Once you’ve spent time analyzing backlinks, you’ll start to see linking patterns and similar sites in what you’re mining. Pull URLs that both link to competitor sites and are authoritative pages, as well as those showing high PageRank scores/low outbound link counts and add them to a spreadsheet. From this point you’ll want to do a little background check to see how long they’ve been online and what kind of company they keep.
Domain Age Tool provides the calendar age of a site as well as a thematic snapshot of the site when first launched. It’s great for checking if a domain has been resold for PageRank.
Bad Neighborhood Tool scans links on your website plus the pages your website is linking to. This can be particularly helpful in determining if the sites you’re linking to have less than desirable inbound links. Remember – you don’t control who links to you, but you’re in total control of your outbounds links. Be sure the site you’re linking to is as conscientious as you are.
Utility linking tools SoloSEO and BackLink Builder find sites that host your keywords plus utility search phrases such as “submit site” and “add link.” They also return directories, article directories, and forums in a niche. Both tools make it much easier to find thematic sites to add your links to without having to do individual searches constantly. Even with the tools, this linking tactic is time consuming but worth it. Budget time to do a handful of terms a day and you’ll see results.
Instead of regularly taking time to search for new leads in these resources and other mega directories like them, set up alerts to bring new additions to you. Sites like BotABlog and Blogarithm can be used to send alerts to you (via email) each time a new site is added to a directory resource. When a new directory/resource is added, you get an email and can add your site before the masses do. Let the bots work while you sleep.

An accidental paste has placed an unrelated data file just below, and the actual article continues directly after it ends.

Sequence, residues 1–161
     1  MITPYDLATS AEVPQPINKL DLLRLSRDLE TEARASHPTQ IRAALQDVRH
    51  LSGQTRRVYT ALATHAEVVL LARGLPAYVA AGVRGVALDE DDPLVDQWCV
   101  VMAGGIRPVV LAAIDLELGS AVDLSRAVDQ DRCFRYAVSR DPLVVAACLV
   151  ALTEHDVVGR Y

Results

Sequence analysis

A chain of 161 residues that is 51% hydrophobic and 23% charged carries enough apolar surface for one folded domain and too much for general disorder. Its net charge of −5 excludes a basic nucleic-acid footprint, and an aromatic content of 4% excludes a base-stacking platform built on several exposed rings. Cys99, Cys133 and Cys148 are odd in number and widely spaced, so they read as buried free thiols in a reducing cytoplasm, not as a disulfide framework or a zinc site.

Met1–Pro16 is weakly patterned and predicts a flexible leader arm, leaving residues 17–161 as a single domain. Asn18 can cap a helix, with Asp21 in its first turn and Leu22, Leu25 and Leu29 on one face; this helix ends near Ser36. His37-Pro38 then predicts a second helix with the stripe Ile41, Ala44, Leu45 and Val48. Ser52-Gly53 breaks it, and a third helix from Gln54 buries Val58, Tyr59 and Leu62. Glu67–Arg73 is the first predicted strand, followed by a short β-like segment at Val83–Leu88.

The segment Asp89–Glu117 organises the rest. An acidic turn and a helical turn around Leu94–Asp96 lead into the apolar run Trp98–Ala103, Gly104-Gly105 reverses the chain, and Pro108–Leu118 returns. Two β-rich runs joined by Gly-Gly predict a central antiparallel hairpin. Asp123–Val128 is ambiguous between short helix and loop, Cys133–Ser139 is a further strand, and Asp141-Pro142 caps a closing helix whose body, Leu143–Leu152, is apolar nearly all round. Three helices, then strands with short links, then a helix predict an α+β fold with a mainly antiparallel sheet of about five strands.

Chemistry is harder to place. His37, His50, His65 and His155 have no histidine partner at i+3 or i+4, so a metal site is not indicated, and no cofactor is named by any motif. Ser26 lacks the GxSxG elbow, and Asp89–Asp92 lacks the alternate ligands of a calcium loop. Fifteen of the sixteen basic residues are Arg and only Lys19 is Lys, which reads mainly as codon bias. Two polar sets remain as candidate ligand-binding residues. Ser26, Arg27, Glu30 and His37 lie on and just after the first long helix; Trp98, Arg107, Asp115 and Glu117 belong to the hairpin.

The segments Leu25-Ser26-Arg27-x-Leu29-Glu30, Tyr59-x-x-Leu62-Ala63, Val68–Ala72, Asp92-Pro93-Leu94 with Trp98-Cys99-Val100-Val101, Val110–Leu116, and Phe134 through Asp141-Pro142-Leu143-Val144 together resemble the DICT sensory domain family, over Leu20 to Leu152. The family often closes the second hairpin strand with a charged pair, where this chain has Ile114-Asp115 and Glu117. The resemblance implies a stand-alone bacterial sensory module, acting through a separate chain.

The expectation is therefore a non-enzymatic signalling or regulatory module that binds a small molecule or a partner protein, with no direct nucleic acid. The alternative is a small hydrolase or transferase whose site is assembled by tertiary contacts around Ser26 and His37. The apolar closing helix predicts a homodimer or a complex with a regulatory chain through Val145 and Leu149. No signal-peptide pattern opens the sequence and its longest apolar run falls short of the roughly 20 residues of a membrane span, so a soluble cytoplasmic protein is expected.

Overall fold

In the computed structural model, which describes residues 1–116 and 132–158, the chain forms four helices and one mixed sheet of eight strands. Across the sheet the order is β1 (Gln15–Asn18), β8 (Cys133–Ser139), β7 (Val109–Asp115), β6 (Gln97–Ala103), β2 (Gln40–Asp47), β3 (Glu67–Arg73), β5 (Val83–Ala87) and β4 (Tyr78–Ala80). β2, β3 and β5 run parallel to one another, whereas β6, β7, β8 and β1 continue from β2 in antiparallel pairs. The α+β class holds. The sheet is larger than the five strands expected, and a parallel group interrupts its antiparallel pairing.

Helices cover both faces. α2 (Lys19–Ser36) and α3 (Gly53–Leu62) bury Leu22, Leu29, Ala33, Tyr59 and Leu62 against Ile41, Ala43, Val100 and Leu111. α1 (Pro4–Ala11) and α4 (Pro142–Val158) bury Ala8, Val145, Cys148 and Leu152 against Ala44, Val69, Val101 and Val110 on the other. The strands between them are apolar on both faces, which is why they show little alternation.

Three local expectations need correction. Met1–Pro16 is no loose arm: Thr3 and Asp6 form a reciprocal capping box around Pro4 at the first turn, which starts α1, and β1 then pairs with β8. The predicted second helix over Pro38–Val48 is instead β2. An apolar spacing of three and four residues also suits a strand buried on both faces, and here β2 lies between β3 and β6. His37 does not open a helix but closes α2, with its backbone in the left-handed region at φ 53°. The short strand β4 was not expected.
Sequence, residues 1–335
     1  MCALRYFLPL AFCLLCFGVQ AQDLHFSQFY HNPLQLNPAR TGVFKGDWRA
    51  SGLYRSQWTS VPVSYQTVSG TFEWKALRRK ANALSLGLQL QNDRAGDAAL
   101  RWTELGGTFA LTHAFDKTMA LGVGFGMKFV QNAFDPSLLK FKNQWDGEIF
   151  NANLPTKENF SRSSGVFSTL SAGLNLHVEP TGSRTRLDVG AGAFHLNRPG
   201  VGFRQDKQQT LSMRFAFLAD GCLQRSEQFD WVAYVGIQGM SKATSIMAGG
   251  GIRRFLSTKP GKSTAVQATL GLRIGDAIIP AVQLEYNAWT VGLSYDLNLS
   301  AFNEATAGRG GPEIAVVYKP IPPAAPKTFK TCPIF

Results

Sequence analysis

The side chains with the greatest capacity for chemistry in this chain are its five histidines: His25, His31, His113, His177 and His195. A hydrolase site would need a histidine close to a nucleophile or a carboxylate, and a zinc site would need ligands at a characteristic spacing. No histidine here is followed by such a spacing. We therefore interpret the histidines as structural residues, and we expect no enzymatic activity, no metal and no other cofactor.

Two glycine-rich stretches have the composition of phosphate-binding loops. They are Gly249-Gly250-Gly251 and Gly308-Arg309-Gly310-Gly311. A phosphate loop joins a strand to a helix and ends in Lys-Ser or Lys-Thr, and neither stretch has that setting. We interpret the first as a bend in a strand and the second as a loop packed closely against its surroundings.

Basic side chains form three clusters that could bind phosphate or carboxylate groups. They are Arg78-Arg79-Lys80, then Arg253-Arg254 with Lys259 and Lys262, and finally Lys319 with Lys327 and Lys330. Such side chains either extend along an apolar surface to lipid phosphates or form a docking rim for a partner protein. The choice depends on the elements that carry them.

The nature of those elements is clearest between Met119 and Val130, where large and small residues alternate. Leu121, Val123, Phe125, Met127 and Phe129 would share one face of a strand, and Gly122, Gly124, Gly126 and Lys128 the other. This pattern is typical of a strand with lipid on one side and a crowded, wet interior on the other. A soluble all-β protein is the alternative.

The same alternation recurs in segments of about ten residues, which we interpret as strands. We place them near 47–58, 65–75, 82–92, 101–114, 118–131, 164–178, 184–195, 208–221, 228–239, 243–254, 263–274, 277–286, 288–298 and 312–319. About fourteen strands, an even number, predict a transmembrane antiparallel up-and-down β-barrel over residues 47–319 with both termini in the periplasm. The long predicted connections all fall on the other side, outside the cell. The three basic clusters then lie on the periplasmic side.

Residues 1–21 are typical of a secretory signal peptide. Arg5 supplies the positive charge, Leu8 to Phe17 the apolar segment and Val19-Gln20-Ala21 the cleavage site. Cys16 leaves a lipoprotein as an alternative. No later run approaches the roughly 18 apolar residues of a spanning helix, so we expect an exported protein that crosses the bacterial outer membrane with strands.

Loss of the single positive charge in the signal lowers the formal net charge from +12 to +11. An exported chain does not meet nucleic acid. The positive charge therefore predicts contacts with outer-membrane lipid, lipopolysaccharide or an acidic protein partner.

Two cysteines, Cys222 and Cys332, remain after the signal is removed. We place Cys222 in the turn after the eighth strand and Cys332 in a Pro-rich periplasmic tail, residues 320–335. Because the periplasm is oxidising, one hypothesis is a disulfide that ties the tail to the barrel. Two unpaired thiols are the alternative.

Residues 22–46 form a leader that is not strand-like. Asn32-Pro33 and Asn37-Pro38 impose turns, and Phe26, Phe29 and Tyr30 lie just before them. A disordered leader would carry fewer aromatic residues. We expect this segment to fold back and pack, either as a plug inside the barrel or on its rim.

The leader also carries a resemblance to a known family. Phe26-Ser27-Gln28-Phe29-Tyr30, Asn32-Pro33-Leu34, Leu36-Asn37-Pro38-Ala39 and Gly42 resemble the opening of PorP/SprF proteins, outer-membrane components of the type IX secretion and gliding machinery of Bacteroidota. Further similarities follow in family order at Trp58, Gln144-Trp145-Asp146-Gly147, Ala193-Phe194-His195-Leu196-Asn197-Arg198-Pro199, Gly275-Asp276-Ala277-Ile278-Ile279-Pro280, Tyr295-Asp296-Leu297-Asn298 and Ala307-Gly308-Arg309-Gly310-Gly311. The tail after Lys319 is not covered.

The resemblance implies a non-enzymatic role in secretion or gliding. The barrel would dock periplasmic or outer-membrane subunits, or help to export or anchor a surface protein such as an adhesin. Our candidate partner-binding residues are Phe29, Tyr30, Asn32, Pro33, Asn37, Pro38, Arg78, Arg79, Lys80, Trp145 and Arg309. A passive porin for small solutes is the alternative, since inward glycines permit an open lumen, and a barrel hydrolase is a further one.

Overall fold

Social media tools
Shareholic allows you to select any webpage you’re on and send it to your favorite bookmarking and social news site. It also has an added feature of being able to tell (with a right click) how many people saved or ‘dugg’ the page you’re on. This little time saver helps boost your authority by developing your presence on the bookmarking/social news sites and helps you find popular and high traffic media sites and blogs.
A couple of other fun social media tools that help you locate sites being talked about are What’s the Buzz and Social Alerter. Both help find popular on-topic sites you can participate in and ask for links.
Yesterday on Twitter problogger posted a URL to a new WordPress plugin called Increase Sociability that senses when people are coming to your blog from Digg and Stumbleupon and encourages them to vote up your blog post. I haven’t used this, but I did send the tool to a couple of savvy social media people and early reports are good. More traffic may lead to more links, and who doesn’t want that?
It would be remiss to do an article on linking tools and not mention Marketleap. They’ve been around forever and provide an easy way to compare general backlink results at a glance. I still use it every time I link.
No matter what type of link building you do, it all starts with research. Some of these tools will help determine a site’s “worthiness” and others act as your eyes and ears. No matter which one you use, any of the tools outlined will help in your linking efforts and make the tedious job of hunting for partner sites easier while not costing you a dime.
Opinions expressed in the article are those of the guest author and not necessarily Search Engine Land.